What it's Really Like...to have hypothyroidism when you are pregnant or breastfeeding
Did you know that hypothyroidism (underactive thyroid causing slow metabolism) is the most common of all thyroid disorders and affects around 6-10% of women?
Because the thyroid is responsible for secreting hormones that regulate so many crucial metabolic processes including growth and energy expenditure, there's never a time when ensuring this is in check is as important as it would be during pregnancy and post-natally.
However you'll read in this great article written by Kristy Manners (an Accredited Practicing Paediatric and Maternity Dietitian giving breastfeeding counselling support) from Growth Spectrum that it even took her some time to 'connect the dots' between what living with hypothyroidism and becoming a mum really meant for her and she has some other great learnings that we we hope sharing will help others!
You would think as a health professional (Dietitian and Paramedic) that I would have been on top of my first pregnancy. Maybe it’s because I was away from our over informative and news driven society (working in the field over in Somalia)…maybe it’s because I was an older first time mum and more relaxed about things….maybe it’s because I thought I knew all that I needed to know given that I work and specialise in mother and child health and nutrition. In any case, it wasn’t until I was about 10-13 weeks pregnant, that I “remembered” that I had hypothyroidism and joined the dots of how it could affect my unborn child if my hormones were not kept in check!
What happens to the thyroid gland during pregnancy?
For those of you who don’t know much about the complex thyroid organ, the thyroid hormones increase 50% during pregnancy, particularly in the first trimester, until the baby is able to produce their own thyroid hormones. Iodine levels are also increased 50% and can also affect thyroid function, playing an important role in the metabolism in the body. Lack of iodine in pregnancy is common and is one of the largest preventable contributors to cretinism and intellectual disability in children globally.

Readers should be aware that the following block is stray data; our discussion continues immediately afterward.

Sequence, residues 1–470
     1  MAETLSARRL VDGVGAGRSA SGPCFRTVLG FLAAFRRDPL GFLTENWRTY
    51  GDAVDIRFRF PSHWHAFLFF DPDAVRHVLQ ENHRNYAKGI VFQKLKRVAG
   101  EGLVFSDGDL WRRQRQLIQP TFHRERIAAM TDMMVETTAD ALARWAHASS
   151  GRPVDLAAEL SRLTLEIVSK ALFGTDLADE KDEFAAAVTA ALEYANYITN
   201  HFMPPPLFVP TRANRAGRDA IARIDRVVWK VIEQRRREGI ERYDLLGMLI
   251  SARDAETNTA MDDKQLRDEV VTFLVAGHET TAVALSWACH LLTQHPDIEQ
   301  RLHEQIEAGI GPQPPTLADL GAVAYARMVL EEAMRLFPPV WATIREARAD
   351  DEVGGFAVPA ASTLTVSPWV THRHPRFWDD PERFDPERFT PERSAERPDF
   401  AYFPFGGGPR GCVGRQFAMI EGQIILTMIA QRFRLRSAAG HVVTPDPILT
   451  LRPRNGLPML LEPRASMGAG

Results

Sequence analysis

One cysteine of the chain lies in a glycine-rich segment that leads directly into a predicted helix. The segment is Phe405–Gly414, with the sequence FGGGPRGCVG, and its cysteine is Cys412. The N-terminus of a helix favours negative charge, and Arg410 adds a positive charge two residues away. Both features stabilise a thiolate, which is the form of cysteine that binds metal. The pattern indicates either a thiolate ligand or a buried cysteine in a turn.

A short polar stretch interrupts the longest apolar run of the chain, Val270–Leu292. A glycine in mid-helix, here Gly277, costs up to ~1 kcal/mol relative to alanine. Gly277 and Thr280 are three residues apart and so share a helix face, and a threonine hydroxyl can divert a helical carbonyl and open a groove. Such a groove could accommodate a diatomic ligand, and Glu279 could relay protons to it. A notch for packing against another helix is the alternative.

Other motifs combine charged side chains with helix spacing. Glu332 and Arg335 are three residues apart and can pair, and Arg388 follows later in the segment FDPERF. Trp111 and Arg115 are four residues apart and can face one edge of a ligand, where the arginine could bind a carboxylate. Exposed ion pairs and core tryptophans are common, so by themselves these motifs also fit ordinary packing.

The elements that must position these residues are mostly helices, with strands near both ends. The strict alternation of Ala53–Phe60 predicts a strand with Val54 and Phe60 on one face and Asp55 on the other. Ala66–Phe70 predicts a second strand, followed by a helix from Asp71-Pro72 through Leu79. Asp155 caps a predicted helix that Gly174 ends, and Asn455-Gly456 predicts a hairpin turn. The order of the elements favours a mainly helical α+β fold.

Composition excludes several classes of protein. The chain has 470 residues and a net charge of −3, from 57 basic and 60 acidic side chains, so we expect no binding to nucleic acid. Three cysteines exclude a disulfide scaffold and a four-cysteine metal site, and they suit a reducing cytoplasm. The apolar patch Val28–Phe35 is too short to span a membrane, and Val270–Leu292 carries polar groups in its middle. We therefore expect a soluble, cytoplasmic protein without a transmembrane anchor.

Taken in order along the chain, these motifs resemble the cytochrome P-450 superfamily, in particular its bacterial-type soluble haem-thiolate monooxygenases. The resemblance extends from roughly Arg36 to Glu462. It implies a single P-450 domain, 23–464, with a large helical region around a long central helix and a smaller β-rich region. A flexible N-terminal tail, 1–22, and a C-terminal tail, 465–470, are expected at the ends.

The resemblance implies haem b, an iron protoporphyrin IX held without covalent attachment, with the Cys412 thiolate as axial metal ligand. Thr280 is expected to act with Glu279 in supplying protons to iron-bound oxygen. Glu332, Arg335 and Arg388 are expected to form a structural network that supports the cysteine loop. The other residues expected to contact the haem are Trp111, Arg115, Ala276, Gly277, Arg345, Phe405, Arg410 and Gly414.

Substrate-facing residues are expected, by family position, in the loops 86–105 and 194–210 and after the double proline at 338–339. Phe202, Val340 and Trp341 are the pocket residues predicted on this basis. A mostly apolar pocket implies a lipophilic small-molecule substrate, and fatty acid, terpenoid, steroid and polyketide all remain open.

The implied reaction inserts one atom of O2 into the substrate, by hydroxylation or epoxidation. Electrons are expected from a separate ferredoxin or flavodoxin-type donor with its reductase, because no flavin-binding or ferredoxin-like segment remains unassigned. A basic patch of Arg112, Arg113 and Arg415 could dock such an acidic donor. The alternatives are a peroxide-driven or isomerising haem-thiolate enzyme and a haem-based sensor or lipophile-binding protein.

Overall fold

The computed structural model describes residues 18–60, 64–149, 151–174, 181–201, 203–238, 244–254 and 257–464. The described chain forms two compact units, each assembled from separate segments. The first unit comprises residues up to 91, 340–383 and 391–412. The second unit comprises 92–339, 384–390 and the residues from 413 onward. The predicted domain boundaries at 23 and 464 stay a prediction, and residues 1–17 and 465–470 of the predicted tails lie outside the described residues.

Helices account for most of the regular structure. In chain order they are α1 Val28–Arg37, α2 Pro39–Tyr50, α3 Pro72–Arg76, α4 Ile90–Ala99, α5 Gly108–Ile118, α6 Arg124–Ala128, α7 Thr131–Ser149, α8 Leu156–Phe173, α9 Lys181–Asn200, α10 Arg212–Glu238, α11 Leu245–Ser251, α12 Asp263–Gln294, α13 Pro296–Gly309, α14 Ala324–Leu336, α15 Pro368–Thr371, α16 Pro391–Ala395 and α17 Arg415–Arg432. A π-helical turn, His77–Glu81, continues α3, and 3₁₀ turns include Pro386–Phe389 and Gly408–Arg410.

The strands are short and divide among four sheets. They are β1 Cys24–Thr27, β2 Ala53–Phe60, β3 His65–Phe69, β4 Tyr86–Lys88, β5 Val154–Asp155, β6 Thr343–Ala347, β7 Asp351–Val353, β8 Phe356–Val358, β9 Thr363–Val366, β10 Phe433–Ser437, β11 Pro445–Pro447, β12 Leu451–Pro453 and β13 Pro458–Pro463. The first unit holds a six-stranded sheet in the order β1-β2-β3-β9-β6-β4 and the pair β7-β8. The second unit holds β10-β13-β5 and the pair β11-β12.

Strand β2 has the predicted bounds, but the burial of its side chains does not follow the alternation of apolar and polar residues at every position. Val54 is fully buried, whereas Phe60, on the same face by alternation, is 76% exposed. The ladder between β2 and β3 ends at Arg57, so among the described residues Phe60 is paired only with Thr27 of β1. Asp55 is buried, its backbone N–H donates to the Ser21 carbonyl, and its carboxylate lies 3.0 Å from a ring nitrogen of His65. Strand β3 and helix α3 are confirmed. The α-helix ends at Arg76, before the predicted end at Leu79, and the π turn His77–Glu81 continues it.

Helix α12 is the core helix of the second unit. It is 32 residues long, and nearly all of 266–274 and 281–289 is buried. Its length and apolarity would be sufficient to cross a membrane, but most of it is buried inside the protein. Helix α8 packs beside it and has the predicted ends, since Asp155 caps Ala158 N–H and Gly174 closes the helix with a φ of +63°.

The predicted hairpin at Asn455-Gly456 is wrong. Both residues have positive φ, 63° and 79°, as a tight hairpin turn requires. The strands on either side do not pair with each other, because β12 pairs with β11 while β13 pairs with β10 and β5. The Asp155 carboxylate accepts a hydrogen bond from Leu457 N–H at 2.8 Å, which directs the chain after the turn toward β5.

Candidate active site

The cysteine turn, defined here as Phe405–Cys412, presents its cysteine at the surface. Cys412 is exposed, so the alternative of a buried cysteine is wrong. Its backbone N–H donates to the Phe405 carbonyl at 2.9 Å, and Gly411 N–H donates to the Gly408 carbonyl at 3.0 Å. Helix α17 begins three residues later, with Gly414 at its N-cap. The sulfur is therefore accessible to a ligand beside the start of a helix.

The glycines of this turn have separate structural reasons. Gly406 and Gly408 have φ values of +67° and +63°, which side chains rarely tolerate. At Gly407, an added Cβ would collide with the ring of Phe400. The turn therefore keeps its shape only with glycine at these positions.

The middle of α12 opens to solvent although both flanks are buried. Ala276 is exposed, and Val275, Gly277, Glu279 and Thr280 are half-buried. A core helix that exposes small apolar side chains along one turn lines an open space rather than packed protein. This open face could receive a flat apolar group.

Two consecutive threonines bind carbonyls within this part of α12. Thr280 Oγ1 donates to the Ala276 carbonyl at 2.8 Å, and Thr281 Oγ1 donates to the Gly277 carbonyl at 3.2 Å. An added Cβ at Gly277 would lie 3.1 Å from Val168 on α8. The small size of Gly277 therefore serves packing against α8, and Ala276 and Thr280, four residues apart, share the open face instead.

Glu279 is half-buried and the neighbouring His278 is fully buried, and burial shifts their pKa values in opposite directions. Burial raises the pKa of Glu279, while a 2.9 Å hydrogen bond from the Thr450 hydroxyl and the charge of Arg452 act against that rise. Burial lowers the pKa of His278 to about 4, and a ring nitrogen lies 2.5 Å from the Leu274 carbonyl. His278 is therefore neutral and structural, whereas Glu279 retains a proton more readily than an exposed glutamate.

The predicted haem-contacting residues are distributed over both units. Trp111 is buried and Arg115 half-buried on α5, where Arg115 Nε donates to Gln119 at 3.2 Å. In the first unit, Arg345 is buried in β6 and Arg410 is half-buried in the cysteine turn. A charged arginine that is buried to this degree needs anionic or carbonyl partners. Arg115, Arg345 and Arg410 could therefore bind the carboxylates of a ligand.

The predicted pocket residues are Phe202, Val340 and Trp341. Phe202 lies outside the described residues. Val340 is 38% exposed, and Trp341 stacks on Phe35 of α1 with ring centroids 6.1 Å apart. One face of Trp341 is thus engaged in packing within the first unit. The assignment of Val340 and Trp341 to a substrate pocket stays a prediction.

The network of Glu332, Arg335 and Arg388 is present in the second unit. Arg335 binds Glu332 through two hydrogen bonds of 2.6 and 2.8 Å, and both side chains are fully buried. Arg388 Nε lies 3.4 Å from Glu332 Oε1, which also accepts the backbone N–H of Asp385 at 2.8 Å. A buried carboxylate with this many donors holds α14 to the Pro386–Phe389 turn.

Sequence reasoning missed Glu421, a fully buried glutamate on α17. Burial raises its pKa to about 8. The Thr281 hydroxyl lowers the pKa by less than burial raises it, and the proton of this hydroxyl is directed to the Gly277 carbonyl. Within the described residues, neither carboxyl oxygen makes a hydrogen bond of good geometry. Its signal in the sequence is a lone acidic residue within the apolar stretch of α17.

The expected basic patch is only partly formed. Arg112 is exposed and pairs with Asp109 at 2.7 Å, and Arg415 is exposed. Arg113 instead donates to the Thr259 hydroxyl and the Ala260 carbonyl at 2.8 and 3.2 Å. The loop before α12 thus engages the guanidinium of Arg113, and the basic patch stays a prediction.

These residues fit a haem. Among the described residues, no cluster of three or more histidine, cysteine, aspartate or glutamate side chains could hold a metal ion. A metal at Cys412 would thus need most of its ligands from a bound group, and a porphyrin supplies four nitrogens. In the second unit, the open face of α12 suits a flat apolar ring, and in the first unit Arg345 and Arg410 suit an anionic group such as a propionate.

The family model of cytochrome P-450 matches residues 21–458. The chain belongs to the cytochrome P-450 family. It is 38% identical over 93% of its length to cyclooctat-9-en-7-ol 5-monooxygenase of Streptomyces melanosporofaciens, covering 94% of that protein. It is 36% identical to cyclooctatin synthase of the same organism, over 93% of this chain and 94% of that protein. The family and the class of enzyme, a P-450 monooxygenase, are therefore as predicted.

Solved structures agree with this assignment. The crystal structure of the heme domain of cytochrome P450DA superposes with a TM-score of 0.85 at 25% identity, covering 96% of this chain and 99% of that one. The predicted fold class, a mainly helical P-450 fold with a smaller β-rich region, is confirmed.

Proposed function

They say that it is extremely important during the first trimester….right…well I was nearly approaching the second trimester when I realised I hadn’t had my levels checked since before my pregnancy! So that brought on a bit of panic that I had affected the brain development of my child! As I was in a country where laboratory results were not so precise, I had to do my own readjustment to compensate for the increased need for thyroxine by my baby (please don’t follow me though…always monitor it with your doctor!). Two and half years post partum…I must have done something alright as we have a perfectly healthy child ;)
However, during my pregnancy, despite being fit and doing a significant amount of exercise (probably too much!), I managed to put on 18kg during the pregnancy. Looking back on things now, I wish I had monitored my thyroxine levels a lot more closely, and if anything, tried to push them to the upper normal limits, as this could have affected my weight gain and perhaps the birth weight of my large 4.1kg baby. As a result, I had a long and complicated labour, resulting in a number of prolapse/incontinence/infection issues. This probably didn’t help my start to breastfeeding – the stress, the infection, not having skin to skin in the first hour due to being taken to NICU for short while, him having jaundice and under UV lights for 5 days – therefore limiting skin to skin time……but again it wasn’t until I started studying to become a lactation consultant that the light bulb moment came on again about my thyroid and the impact it can have on breastmilk supply.
How hypothyriodism can affect breastfeeding
I succumbed to the vicious cycle of formula top ups with breastfeeding as my child was not gaining weight nor getting over his jaundice very quickly. I was breastfeeding and expressing up to 1hr -1.5hrs each feed, started on motilium and taking fenugreek like it was no tomorrow. Again another light bulb moment in my lactation consulting study was that fenugreek can actually have the opposite effect in those suffering with hypothyroidism….but by then my child was nearly 2yrs old and I’d stopped breastfeeding at around 10 mths post partum, something that I had wanted to continue for longer. It was definitely a lot of …..”if only I knew moments”. If we are blessed to have another child, as most mums, I want things to be different in my breastfeeding journey.
These are some of the things I would look at:
- To check I’m getting enough iodine and selenium as pregnancy and thyroid conditions could affect levels during pregnancy but also postpartum thyroid levels which may impact breastfeeding (see a Maternal/Women’s Health Dietitian for this)
- Have a full thyroid panel blood test done regularly ie. monthly (TSH, Total T4, Free T4, Free T3, Reverse T3, Thyroid antibodies)
- Start expressing milk in pregnancy after week 36 to make sure I had some colostrum ready in case my child had jaundice again or some other issue taking them away from me for treatment
- Consider milk banks or donor milk and store some milk
- Do as much skin to skin as possible…go naked if I have to!
- Demand feed and not stick to scheduled feeds
- Invest in a double electric hospital grade pump and a hand pump as some mums express more with different methods
- Consult an IBCLC lactation consultant for latch and feeding issues
- Consider what herbal treatments may affect my thyroid (see a functional medicine/naturopath)
- Try Yummy Mummy’s biscuits and teas!